John R.W. Stott, April 21st 1921 – July 27th 2011

I heard last night of John Stott’s death on Wednesday at the age of 90.

I wrote a tribute to John a few months ago on the occasion of his 90th birthday. He influenced me in countless ways, and I will always be grateful to have had the opportunity to spend a few days with him back in 1990 and to get to know him a little. In his last talk at the Keswick Convention he said that the goal of the Christian life is Christlikeness, and to me he was truly a Christlike man. Rest in peace and rise in glory, Uncle John!


John’s church, All Souls’ Langham Place, has a fine tribute page here.

The Langham Partnership Tribute is here.

The Daily Telegraph has a very fine (and mostly accurate) obituary here.

The Archbishop of Canterbury’s tribute is here.

The Church Times notice is here.

There are other tributes by Phil Ritchie, Simon Nicholls, Doug Chaplin, Archbishop Cranmer, Archdruid Eileen, Mark Meynall, Peter Kirk, and many others (Google ‘John Stott’ and you’ll be reading for hours).

There is also an online remembrance book.

What is an evangelical Anglican?

After my post about John Wesley a couple of days ago I thought I’d post a few more articles about the spirituality of the early Anglican evangelicals. I’ve excerpted them from a lecture I gave on the subject a few years ago, editing a bit here and there for clarification purposes. In this post, I thought I’d say a bit about what this term ‘evangelical Anglican’ (or ‘Anglican evangelical’, if you prefer it) means in its historical context.

Let me say immediately that ‘evangelical’ is not the same as  ‘evangelist’. Evangelists are people who have a particular gift for sharing the Good News of Jesus Christ and helping people to respond to it by putting their faith in Christ. Many of the early evangelicals did that, but so have many other people throughout Christian history who would not claim the title ‘evangelical’.

‘Evangelical’ is a description of a particular theological approach which claims to be rooted in the ‘evangel’, the New Testament Gospel, and especially in the Reformation interpretation of that Gospel. Evangelicals are children of the Reformation in their belief in two fundamental doctrines. First, they believe that the Holy Scriptures are the supreme authority for Christian faith and life. Secondly, they believe in the doctrine of justification by faith: which they understand to mean that we are accepted by God, not because of any good works that we do, but because of the death of Jesus Christ on the Cross, which we appropriate for ourselves by our faith in him. Evangelical theology is therefore atonement theology: that is, it focusses on Jesus and his Cross.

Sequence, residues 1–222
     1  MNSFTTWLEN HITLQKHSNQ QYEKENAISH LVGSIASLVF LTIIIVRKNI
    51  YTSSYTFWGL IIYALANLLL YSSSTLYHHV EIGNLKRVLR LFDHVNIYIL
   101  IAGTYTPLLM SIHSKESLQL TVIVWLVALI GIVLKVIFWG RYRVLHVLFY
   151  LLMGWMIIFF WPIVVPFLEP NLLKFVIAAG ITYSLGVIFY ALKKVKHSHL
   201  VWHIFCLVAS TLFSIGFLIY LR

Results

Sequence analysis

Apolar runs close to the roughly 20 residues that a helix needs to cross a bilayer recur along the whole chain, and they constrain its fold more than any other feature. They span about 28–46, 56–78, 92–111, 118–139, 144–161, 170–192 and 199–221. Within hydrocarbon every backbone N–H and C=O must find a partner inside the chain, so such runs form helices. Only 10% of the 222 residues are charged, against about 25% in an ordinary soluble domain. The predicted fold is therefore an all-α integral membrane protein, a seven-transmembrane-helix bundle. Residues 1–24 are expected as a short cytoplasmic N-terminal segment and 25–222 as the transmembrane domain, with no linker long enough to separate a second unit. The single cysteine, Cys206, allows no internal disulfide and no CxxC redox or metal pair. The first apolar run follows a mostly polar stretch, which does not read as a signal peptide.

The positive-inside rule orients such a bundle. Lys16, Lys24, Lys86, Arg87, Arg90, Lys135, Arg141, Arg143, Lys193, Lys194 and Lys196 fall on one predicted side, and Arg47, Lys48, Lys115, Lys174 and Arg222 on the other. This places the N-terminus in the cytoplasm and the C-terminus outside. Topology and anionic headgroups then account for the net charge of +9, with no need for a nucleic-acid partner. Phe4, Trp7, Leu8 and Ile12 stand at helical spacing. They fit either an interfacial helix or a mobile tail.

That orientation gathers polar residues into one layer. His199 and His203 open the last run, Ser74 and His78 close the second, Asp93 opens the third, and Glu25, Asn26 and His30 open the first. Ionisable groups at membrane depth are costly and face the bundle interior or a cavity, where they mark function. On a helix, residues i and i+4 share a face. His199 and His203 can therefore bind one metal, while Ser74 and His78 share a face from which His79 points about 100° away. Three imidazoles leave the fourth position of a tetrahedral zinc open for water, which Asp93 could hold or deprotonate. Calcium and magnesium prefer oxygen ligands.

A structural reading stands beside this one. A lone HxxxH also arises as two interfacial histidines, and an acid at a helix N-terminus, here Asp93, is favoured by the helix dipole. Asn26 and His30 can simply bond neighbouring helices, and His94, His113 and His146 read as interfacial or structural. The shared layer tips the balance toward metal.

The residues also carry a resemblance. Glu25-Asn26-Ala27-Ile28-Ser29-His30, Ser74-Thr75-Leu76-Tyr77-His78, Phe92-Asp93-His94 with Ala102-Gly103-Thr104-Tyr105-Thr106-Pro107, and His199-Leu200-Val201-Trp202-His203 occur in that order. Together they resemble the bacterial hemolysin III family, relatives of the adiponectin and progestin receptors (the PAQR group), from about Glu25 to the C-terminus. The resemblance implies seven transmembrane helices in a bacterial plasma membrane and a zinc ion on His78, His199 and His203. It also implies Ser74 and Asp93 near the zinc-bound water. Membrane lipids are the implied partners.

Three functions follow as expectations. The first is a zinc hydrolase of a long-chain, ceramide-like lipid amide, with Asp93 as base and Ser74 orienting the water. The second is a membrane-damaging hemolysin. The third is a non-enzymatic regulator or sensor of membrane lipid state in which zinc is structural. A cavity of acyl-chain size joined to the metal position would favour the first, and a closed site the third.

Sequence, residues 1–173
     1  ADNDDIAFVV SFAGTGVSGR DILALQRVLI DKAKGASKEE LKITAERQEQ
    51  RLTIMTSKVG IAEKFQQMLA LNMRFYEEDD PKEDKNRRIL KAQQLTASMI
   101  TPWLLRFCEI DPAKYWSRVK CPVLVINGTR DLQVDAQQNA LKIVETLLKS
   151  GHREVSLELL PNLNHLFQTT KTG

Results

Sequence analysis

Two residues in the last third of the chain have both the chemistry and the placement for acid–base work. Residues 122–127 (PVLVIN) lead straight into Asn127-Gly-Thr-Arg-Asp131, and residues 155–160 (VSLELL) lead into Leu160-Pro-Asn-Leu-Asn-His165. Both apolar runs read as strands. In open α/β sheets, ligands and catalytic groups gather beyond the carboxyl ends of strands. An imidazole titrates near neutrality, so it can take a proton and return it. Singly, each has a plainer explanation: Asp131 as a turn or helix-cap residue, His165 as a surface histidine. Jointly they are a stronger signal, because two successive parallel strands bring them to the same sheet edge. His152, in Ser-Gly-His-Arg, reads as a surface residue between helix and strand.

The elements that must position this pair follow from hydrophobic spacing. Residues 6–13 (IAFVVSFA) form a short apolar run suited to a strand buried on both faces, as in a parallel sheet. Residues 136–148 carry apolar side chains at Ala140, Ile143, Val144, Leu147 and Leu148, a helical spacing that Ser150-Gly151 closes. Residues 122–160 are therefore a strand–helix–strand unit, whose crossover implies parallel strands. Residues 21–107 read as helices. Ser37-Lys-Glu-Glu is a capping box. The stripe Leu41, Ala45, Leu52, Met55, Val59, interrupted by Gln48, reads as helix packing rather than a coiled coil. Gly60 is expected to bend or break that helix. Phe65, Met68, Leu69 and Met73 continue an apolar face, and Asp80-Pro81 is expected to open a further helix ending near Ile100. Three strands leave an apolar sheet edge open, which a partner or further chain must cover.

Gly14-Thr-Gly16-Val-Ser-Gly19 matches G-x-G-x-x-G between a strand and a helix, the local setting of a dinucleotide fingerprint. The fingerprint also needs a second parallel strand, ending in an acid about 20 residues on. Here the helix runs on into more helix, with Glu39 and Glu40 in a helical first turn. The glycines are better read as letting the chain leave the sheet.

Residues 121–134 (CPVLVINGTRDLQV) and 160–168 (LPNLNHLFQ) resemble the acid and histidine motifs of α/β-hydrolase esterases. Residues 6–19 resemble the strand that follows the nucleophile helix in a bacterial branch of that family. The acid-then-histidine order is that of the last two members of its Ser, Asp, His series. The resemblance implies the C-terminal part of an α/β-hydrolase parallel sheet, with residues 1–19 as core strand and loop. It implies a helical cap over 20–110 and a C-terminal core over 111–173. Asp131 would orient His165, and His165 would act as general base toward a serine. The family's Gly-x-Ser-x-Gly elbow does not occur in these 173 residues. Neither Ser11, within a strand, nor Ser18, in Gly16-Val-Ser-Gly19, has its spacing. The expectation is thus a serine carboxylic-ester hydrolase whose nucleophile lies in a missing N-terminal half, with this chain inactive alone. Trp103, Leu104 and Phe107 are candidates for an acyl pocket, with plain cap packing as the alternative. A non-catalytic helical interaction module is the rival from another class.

But the eighteenth century evangelicals added a third emphasis: their belief in the importance of personal conversion. They lived at a time when Christian beliefs and attendance at Christian worship were widely accepted as part of the makeup of English society. However, they were well aware that the Christian experience of perhaps the vast majority of people fell far short of the New Testament vision of the normal Christian life. Their diagnosis of this problem was that many people had been formally and  sacramentally initiated into the Christian faith (i.e. baptised, and perhaps confirmed), but had never been challenged to make a personal response to the Gospel by putting their faith in Christ. Therefore, in their preaching and in their pastoral work, evangelicals then and now have called on people to make this response.

One more characteristic of these early evangelicals was their love for simple forms of worship. They had a distrust for what they saw as excessive ritual, and this caused them to be deeply suspicious of the Oxford Movement when it began a century later. They saw the  danger of an outward participation in ritual without an inward spirit of worship in the heart; they felt that too much ritual could be a distraction from the genuine encounter with God which is at the heart of true worship. G.R. Balleine, in his book A History of the Evangelical Party in the Church of England, talks about their kinship with all ‘who have learned to love a simple worship and a spiritual religion’[1].

In the next post on this subject, I’ll say a bit about the condition of the church in England before the eighteenth-century evangelical revival.

[1] G.R. Balleine: A History of the Evangelical Party in the Church of England; London; William Clowes and Sons; 1908, 1951. p.1.